Fig. 18

Simulated PM mass loading distribution along axial and radial directions at 6.95 h—end of post-loading for the PO-B10-15 experiment

Figure 19 shows the axial and radial distribution of PM loading measured by Foley [17] for the same engine in this study for the passive oxidation case (average CPF temperature 348 °C, NO2 concentration of 196 ppm, and ULSD fuel type) with the end of passive oxidation PM mass loading of 3.25 g/L. Comparing Figs. 19 and 17, the simulation model data shows the uniform filter loading along the length the filter whereas the experimental data in Fig. 19 shows the uniform PM loading up to axial length ratios of 0.7 (filter length <215 mm). For axial length ratios >0.7 (filter length >215 mm), the experimental data shows an increase in PM loading close to the outlet end of the substrate (axial length ratios >0.7 or filter length >215 mm). This may be explained by PM cake and ash particle transport mechanisms (regeneration-induced and flow-induced) proposed by Sappok et al. [23] using the optically accessible filter core sample in a catalyst bench reactor. During passive oxidation of PM, the particle in contact with washcoat oxidizes the PM cake and reduces the adhesive force [23] which aids in particle detachment and transports towards the plugged end of the filter substrate. This particle transport mechanism is not included in the MPF model. The PM loading experimental data close to the inlet (axial length ratios <0.05) and outlet sections (axial length ratio >0.97) are considered to be less accurate due to the error associated with the scanning procedure and PM loading analysis methodology around the channel plugs [17]. The radial distribution of PM loading with the experimental data shows a slight reduction in radially outward (subplot 19d-diameter of 231–267 mm) direction. This may be due to the uncertainties associated with the terahertz analyzer ability to scan at the outer surfaces [17]. Both the simulation model and experimental data show relatively uniform PM loading radially from the 80 mm radius to the centerline of the filter. This is consistent with uniform temperature trends observed from the experimental data and the MPF model results.
Fig. 19

Test 8 end of passive oxidation (PO) phase axial and radial PM distribution measured—adapted from reference [7] for 2007 ISL engine, axial length ratio of 1.0 corresponds to 305 mm filter length, axial uniformity index for plots ad are 0.91, average radial uniformity index = 0.97, and average angular uniformity index = 0.98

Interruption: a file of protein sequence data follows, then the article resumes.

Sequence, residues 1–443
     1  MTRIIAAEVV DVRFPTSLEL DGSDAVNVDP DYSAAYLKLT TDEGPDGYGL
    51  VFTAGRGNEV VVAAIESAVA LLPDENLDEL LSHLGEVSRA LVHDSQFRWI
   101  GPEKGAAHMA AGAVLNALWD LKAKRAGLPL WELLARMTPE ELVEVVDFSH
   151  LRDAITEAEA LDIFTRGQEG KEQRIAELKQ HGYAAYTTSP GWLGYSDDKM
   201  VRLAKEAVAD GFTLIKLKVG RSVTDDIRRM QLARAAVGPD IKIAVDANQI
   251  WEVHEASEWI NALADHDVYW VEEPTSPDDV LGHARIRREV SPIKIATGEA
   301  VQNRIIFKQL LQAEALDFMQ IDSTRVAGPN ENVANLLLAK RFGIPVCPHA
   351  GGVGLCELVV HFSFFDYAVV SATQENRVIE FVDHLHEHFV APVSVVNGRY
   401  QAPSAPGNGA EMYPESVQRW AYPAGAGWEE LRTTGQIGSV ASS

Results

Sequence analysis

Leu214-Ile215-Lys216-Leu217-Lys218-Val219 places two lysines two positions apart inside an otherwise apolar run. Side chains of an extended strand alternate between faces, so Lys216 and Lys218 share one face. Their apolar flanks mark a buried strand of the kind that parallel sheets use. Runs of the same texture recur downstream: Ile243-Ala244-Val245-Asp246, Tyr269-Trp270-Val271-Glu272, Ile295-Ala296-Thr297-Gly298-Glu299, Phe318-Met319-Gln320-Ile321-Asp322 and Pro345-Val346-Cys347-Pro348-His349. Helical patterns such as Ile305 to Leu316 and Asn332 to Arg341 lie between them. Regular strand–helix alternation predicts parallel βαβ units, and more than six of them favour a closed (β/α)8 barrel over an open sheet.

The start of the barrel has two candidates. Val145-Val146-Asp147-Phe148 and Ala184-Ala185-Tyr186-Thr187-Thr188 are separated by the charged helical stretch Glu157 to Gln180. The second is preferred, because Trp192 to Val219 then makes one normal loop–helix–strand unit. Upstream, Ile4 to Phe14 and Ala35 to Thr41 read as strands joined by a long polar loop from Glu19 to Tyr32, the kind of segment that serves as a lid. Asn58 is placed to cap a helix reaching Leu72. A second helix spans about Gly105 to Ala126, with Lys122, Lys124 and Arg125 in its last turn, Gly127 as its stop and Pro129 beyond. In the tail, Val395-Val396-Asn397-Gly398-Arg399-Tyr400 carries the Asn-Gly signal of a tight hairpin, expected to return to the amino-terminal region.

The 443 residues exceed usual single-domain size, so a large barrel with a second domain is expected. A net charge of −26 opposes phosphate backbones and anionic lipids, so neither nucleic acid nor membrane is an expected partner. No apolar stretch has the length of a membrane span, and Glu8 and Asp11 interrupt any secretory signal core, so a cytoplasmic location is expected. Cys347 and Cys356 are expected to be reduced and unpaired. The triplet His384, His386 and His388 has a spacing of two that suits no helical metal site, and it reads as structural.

Figure 20 shows the comparison of average, minimum, and maximum PM mass loading distribution at the start and end of the PM oxidation for PO-B10-15 experiment. The solid lines show the average PM mass loading along the axial direction (calculated by averaging the PM loading in all radial zones at a given axial length) and the dotted lines show the range of PM loading distribution (minimum and maximum PM loading along the radial direction) for a given axial section. The uniformity index of the filter loading distribution (UI PM ) is calculated using the following formulae:
$$ U{I}_{PM}=1 - \frac{\sigma_{PM}}{\mu_{PM}} $$
(10)
where
σ PM

is the standard deviation of PM mass loading over the entire filter.

μ PM

is the average PM mass loading over the entire filter.

Fig. 20

Comparison of average (solid lines), minimum, and maximum (dotted lines) simulated PM mass loading distribution for the PO-B10-15 experiment—a start of PM oxidation (4.11 h) and b at the end of the PM oxidation (5.46 h)

From Fig. 20, the average simulated PM mass loading distribution at the start of PM oxidation by passive oxidation is uniform along the axial direction (within 2.29 ± 0.01 g/L). The minimum and maximum filter loading within each axial section (radial variation) is small (within 2.27 to 2.35 g/L). Hence, the UIPM is 0.99, indicating uniform PM loading distribution within the filter. The simulated average PM mass loading at the end of PM oxidation by passive oxidation is 1.09 g/L and a small increase (1.05 to 1.12 g/L) in average PM mass loading axially towards the end of the filter. The minimum and maximum filter loading distribution (radial distribution) within each axial section is also increased (0.90 to 1.89 g/L) as shown by the dotted lines. Hence, the UIPM at the end of PM oxidation is reduced to 0.78, indicating non-uniform distribution of PM loading within the filter, mainly caused by the non-uniform temperature and reaction rate distribution during the PM oxidation as shown in Figs. 12, 13, and 14.